As mentioned above, the interviews with local band No Speed Limit were primarily to create a DVD to send to festival promoters along with a couple of songs from a concert I shot on New Year’s Eve. The group also wanted to upload the interviews to its MySpace page, and perhaps YouTube.
I wanted the interviews to create a warm, intimate mood, which sounded ideal for three-point lighting with soft lights. Although they were also bound for web distribution, I knew that MySpace videos can be at least 480×360, which was plenty of resolution to support the contrast introduced by the facial shadows. If the group had planned to stream the videos at 320×240 or smaller, I would have advised them to consider flat lighting.
I used the same two main lights as before, but I positioned the Rifa-lite close to the subject as the key, and the Omni-light, again equipped with umbrella, about 15ft. away as the fill. Because I was shooting the interviews at the concert site, I had plenty of room to use the Pro-light, with a 250W bulb, as the rim light. You can see the result in Figure 5.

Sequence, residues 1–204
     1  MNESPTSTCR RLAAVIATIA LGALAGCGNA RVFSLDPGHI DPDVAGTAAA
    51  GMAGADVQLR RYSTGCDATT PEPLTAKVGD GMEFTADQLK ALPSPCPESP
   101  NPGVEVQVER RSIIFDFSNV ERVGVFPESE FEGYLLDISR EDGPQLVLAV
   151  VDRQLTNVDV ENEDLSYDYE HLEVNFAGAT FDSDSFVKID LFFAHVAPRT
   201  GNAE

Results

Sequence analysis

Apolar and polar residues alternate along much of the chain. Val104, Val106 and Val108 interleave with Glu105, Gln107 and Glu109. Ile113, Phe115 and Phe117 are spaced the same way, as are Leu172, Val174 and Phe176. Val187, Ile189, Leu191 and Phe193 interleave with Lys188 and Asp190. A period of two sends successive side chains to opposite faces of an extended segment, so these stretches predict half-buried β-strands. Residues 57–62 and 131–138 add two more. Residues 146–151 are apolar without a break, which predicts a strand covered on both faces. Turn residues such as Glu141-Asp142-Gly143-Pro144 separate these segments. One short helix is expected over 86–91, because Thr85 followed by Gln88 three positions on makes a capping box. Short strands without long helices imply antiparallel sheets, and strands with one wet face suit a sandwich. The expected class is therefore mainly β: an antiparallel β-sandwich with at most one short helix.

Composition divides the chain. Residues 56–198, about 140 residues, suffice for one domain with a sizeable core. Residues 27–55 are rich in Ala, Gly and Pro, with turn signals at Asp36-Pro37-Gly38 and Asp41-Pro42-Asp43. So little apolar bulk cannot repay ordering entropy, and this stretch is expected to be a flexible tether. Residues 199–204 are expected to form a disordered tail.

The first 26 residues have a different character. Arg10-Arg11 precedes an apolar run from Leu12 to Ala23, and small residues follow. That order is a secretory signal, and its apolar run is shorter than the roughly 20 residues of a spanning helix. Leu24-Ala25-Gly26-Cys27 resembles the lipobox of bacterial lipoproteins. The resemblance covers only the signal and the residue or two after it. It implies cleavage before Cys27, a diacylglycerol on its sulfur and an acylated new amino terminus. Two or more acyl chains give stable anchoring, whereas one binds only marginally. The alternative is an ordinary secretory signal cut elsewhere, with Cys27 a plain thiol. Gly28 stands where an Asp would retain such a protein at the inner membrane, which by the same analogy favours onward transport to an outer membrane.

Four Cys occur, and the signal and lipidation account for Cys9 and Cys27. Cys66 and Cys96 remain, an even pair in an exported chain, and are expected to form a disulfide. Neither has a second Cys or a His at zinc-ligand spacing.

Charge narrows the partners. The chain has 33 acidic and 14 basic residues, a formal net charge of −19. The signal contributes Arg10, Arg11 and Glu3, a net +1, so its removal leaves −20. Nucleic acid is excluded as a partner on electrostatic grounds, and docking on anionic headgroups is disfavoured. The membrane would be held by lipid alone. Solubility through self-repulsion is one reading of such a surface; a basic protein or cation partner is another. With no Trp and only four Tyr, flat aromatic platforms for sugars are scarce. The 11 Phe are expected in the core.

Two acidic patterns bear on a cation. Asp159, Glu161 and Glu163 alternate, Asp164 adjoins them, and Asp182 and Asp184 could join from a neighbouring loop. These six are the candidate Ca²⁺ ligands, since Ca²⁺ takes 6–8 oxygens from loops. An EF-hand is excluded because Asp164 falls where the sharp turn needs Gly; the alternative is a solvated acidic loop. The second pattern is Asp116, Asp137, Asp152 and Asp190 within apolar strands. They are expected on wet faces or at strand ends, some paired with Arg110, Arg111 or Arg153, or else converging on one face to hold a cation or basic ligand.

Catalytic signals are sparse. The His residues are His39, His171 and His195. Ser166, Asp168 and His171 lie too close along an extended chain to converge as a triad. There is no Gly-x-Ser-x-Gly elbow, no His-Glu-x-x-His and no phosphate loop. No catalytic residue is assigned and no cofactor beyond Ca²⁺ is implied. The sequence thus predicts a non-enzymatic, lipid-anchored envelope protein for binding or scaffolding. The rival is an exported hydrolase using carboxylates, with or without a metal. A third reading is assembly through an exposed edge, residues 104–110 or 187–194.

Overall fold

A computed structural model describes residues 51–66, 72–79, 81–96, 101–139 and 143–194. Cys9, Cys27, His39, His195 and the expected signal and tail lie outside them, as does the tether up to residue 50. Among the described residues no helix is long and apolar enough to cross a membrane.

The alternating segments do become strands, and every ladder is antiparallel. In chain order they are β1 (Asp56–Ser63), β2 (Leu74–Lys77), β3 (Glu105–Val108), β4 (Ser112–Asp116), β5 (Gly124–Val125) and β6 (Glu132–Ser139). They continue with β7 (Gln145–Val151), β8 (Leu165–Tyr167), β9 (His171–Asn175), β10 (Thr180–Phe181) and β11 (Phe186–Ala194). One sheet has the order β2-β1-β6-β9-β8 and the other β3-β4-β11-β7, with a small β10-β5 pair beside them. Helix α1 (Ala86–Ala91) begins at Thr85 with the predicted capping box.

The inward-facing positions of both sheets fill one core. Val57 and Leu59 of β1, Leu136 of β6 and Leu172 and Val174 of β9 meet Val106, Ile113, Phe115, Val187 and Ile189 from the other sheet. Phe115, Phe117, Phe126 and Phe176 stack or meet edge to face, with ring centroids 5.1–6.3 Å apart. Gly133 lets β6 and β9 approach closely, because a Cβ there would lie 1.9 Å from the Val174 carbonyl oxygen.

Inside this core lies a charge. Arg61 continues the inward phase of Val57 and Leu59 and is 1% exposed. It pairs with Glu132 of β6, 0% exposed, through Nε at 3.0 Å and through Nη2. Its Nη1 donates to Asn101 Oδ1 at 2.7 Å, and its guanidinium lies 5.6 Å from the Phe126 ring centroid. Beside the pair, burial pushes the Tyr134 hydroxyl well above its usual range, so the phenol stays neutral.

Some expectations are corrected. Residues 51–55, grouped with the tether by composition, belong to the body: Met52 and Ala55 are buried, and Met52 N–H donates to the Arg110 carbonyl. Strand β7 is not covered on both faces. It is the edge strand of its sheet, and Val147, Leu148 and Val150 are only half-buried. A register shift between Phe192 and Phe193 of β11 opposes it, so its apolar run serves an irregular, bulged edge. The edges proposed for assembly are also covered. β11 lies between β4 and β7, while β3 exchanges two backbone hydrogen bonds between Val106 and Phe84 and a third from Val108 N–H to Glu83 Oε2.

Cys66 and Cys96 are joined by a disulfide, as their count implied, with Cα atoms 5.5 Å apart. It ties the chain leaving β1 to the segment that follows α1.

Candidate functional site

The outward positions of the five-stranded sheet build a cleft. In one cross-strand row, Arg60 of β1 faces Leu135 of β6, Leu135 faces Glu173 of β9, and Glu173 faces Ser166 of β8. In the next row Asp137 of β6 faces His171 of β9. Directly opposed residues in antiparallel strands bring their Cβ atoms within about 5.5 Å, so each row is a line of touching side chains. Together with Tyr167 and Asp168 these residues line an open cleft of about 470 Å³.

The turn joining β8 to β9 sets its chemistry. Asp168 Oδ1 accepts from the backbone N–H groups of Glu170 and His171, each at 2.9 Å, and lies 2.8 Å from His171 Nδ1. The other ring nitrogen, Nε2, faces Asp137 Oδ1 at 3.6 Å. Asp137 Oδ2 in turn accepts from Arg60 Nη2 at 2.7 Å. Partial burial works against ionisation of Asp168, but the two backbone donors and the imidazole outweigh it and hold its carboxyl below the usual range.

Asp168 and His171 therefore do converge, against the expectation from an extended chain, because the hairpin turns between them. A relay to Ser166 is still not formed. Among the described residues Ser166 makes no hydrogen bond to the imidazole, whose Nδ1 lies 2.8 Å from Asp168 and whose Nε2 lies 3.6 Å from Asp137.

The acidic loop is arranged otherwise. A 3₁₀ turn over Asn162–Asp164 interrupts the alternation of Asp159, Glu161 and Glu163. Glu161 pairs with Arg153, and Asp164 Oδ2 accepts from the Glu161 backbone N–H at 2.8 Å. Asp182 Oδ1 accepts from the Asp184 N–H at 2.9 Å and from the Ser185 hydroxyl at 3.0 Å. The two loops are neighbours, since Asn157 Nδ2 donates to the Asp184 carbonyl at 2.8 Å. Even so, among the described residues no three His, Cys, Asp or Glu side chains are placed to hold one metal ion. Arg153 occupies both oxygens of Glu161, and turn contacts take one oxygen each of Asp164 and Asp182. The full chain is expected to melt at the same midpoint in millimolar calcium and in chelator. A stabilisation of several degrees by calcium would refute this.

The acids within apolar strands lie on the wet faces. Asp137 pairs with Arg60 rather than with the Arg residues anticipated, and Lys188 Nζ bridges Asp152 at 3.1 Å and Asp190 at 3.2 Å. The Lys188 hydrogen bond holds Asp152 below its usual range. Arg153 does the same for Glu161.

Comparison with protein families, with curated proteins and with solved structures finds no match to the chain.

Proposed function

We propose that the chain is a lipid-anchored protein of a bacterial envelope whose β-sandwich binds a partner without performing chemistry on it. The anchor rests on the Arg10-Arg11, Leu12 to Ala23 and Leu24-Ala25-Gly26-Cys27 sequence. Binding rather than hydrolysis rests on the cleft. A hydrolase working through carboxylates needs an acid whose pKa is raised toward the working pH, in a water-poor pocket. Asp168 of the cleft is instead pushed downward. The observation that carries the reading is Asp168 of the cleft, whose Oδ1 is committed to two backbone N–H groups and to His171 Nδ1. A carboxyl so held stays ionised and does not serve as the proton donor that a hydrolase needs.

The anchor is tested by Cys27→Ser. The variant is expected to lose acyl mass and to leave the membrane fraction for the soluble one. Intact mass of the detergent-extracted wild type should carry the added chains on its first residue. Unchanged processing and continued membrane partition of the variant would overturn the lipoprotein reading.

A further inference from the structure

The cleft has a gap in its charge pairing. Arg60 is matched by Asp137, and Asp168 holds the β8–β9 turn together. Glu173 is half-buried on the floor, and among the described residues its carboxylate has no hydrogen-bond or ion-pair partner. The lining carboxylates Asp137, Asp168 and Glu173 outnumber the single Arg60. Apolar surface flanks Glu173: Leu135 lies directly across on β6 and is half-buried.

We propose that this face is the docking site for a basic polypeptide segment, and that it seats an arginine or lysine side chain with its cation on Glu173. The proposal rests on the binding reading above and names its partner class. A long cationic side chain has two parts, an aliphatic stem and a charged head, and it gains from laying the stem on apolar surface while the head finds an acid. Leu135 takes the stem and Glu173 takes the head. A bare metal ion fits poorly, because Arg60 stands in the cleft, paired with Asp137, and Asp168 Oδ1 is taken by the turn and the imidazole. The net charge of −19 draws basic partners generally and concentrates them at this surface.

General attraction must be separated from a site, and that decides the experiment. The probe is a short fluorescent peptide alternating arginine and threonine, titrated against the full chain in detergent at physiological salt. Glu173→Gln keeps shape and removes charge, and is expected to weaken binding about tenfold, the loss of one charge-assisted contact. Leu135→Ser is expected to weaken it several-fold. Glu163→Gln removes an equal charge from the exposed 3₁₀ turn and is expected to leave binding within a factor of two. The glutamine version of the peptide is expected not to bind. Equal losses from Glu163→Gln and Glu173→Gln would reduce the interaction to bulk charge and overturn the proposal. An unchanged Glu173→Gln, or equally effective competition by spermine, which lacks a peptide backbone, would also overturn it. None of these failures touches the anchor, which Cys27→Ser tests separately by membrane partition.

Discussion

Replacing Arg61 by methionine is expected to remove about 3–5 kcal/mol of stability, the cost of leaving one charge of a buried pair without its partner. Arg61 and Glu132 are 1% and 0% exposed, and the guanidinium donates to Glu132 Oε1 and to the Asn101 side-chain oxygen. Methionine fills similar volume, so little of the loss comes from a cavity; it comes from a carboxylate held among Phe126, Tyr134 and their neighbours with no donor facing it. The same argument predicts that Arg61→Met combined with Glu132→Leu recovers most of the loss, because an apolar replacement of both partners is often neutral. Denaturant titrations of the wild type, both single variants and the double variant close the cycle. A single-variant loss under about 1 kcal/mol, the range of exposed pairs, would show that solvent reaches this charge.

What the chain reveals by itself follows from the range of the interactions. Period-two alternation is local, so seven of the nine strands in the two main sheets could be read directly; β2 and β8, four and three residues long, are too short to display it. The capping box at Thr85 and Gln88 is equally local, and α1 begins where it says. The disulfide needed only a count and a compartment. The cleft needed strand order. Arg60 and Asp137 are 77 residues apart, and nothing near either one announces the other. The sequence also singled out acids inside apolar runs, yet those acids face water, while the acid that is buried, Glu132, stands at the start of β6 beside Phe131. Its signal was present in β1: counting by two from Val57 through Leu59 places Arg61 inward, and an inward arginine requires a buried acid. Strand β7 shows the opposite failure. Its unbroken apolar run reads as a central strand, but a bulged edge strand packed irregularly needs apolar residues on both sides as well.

Figure 3: Traditional three-point lighting is used to create mood in non-newsy video. Note how the shadow from the nose doesn’t cross the “smile” crease.
Here’s a video on setting up three-point lighting.
Overall, my conversation with Chang confirmed that flat lighting is appropriate for most business- and news-oriented videos, as well as smaller-resolution videos bound for web distribution. You can create flat lighting using fluorescent banks, or via the dual-key or single-key approach using soft lights — especially when you're having a tough time eliminating shadows in the background. For studios, consider a fluorescent-based system. For portable use, a tungsten-based system such as the DV Creator 44 is ideal because the compact tungsten bulbs and light fixtures provide plenty of powerful light you can soften with a soft box, umbrella, gel, or reflector. When the mood or tone of the video is appropriate, use three-pointing lighting, although this may degrade the quality of lower-resolution videos distributed via the Web.